Definition of sequestration in English:

sequestration

noun

  • 1The action of sequestrating or taking legal possession of assets.

    ‘if such court injunctions are ignored, sequestration of trade union assets will follow’
    • ‘In the proceedings before the Full Court, he made it clear that the applicant did not contest the order for sequestration of his estate.’
    • ‘That, however, does not mean that there are no cases of negligent contempt where a penalty in the form of committal or sequestration would be appropriate.’
    • ‘Legal action may include, but not be limited to, asset sequestration, criminal charges of corruption, jail, and travel bans.’
    • ‘She had brought in a batch of anti-union legislation, specifically aimed out outlawing supportive action by separate unions, under the threat of sequestration.’
    • ‘The Sexual Offences Act had made trafficking for sexual purposes an offence and those convicted could face 14 years in prison and sequestration of their assets.’
    • ‘He short-circuited moral claims concerning the unethical nature of sequestration by saying, in effect, that the legal right to confiscate made for the moral right to do so.’
    • ‘Some congressmen wanted ‘total confiscation’ while others ‘preferred limiting the act to sequestration.’’
    • ‘Penalties include an unlimited fine, sequestration of property and/or two years imprisonment.’
    • ‘And the same is true of a sequestration made in consequence of a company's failure to comply with an order or undertaking.’
    • ‘The debtor will be protected from enforcement action and sequestration while the programme is in place.’
    • ‘Meanwhile, if there was any breach of a High Court injunction, individual teachers would not be imprisoned but the union would be exposed to the sequestration of its assets by the State.’
    • ‘This is important to high-risk entrepreneurs who can protect their important assets (like residential property, etc.) against possible sequestration.’
    • ‘Protected trust deeds are less formal than sequestrations, since they do not involve any court process.’
    • ‘The primary methods of enforcement on the breach of injunctive orders are committal for contempt and sequestration of assets.’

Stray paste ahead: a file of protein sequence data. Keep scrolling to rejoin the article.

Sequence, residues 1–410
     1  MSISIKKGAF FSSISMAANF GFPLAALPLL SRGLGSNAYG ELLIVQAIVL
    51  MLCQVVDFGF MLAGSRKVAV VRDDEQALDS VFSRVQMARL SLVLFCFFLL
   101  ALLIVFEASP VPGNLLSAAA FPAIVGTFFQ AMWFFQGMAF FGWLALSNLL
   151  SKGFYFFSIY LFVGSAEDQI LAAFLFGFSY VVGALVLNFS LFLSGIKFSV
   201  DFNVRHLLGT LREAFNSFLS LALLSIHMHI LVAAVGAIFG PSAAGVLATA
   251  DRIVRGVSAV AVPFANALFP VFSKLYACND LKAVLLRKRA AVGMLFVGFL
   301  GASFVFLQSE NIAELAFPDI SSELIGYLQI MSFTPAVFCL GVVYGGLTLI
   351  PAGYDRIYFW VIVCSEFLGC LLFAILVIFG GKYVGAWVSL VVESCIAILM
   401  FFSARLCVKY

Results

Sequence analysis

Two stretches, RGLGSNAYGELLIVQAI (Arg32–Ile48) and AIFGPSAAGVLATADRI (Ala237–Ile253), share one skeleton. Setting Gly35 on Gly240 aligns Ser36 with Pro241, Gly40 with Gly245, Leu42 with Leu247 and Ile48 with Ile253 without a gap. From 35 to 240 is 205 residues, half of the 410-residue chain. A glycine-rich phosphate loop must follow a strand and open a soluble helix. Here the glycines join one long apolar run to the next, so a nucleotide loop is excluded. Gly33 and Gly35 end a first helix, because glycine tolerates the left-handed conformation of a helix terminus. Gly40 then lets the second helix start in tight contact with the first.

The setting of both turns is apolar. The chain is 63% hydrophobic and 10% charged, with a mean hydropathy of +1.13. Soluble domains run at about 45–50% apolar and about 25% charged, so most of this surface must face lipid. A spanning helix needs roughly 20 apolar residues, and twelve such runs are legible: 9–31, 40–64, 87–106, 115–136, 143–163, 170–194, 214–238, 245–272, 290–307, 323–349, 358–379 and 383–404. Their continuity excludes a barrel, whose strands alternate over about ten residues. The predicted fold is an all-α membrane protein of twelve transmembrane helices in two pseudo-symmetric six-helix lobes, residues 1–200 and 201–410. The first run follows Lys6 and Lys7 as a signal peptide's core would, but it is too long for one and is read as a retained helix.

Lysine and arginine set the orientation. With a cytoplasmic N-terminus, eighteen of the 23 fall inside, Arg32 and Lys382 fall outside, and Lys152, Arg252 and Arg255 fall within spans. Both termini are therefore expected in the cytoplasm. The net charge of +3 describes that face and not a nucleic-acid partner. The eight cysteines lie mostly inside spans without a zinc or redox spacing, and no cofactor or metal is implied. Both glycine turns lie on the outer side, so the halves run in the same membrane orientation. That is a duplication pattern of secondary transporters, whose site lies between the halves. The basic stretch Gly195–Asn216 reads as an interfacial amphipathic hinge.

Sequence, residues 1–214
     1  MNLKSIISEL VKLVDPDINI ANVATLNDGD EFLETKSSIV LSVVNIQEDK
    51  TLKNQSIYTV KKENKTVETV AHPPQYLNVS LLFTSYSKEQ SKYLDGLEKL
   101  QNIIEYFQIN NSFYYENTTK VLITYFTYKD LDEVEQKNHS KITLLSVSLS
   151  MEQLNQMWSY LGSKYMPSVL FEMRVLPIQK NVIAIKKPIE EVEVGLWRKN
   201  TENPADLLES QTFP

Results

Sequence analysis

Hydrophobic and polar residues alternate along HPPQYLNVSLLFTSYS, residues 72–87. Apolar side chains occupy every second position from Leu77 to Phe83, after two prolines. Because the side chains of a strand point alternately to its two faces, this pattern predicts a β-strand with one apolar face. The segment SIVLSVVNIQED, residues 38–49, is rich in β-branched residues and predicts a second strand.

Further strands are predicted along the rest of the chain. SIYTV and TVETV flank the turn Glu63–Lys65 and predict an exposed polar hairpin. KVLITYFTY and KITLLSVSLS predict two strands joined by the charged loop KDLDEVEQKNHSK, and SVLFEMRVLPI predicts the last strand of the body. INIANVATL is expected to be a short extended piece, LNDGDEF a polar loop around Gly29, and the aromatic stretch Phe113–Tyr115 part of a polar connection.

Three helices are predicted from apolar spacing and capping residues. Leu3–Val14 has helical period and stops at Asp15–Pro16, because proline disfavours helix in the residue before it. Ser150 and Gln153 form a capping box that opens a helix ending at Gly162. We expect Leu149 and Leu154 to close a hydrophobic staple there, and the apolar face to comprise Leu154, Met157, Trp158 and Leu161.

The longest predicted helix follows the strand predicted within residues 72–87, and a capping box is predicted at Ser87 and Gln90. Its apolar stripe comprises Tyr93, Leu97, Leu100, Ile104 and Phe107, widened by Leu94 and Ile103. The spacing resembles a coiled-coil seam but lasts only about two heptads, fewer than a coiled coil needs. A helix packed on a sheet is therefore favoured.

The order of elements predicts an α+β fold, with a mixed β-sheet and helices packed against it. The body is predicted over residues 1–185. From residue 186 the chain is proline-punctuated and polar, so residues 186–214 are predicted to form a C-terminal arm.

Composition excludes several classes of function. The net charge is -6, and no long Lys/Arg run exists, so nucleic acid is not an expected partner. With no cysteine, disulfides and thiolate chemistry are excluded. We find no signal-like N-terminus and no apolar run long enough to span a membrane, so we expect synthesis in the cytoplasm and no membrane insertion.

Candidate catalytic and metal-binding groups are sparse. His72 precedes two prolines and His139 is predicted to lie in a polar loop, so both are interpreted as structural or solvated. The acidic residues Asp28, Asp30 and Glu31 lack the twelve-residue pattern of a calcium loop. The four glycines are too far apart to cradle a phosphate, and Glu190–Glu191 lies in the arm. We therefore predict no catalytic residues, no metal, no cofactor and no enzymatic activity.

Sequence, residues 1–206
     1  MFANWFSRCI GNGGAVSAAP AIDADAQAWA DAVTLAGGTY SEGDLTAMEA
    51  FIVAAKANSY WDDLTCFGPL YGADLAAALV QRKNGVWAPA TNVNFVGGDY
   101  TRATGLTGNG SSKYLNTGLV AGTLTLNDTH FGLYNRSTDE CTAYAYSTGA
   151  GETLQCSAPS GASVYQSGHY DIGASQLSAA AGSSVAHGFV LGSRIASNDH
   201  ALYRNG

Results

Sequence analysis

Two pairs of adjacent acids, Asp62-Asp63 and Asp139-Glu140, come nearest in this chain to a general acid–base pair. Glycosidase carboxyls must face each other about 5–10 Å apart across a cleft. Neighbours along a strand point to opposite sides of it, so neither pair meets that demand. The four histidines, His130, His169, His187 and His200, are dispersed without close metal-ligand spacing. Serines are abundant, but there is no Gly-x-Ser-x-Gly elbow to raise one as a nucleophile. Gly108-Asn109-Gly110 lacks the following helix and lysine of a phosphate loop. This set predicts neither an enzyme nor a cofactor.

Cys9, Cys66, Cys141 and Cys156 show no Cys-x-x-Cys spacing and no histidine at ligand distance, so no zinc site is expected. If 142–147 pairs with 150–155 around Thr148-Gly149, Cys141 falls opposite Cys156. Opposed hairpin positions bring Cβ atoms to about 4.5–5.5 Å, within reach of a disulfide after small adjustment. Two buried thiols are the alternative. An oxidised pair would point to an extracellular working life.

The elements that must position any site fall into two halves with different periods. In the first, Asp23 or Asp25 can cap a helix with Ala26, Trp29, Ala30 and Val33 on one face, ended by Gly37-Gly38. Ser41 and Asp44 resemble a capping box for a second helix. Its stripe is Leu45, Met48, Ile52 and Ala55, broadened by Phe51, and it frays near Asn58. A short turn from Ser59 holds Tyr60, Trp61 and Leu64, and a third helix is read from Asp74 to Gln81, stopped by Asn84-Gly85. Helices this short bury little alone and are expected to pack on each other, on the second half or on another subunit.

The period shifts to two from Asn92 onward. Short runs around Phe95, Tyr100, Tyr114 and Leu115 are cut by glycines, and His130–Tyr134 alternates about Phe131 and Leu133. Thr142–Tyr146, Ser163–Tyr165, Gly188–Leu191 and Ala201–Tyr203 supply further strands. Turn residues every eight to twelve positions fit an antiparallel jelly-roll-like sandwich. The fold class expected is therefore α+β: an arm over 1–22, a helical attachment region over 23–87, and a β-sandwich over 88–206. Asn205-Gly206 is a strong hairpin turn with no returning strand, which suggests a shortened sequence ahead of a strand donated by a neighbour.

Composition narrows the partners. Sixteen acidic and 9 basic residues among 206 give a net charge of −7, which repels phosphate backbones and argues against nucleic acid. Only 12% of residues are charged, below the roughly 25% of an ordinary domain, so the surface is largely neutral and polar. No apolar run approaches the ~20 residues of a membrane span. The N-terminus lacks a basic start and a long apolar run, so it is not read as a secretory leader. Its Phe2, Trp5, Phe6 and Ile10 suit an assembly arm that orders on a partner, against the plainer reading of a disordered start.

• ‘Public humiliation was often a more powerful method of control than even the sequestration of an individual's money and property.’
    separation, setting apart, keeping apart, sorting out
    View synonyms
    1. 1.1The action of taking forcible possession of something; confiscation.
      ‘he demanded the sequestration of the incriminating correspondence’
      • ‘Emigrés risked the sequestration of their land, but in 1814 nobles still owned 20 percent of the land in France, compared to 25 per cent in 1789.’
    2. 1.2The action of declaring someone bankrupt.
      [count noun] ‘in Scotland there were 1,908 sequestrations of individuals’
      • ‘In 1999 he petitioned for his own sequestration and was declared a personal bankrupt.’
      • ‘He also said that if his bail was not extended in the meantime he stood to lose the assets he had accumulated since his sequestration last year.’
      • ‘He also accepted a pension payout of R88000 three weeks before sequestration.’
      • ‘The figures for Scotland are less severe, but the trend line is similar: personal sequestrations are down on the fourth quarter of 2005, but 37% higher than this time last year.’
      • ‘This is to prevent an insolvent from transferring assets to their spouses to avoid the consequences of sequestration.’
  • 2The action of chemically sequestering a substance.

    ‘carbon sequestration’
    • ‘A potentially beneficial effect of HO-1 activity against oxidant injury is related to its role in iron sequestration.’
    • ‘This indicated that the sequestration capacity of iron plaque may be different between cations and anions.’
    • ‘It is the valence of the lipid, not the membrane-bound peptide, that is the more important factor for lateral electrostatic sequestration.’
    • ‘Anionic polymers, on the other hand, inhibit the processes of adsorption and transduction via sequestration of cationic polymers, preventing charge shielding and virus aggregation.’
    • ‘The next section shows that electrostatic theory predicts this lateral sequestration of a polyvalent lipid.’

Pronunciation:

sequestration

/ˌsiːkwəˈstreɪʃ(ə)n/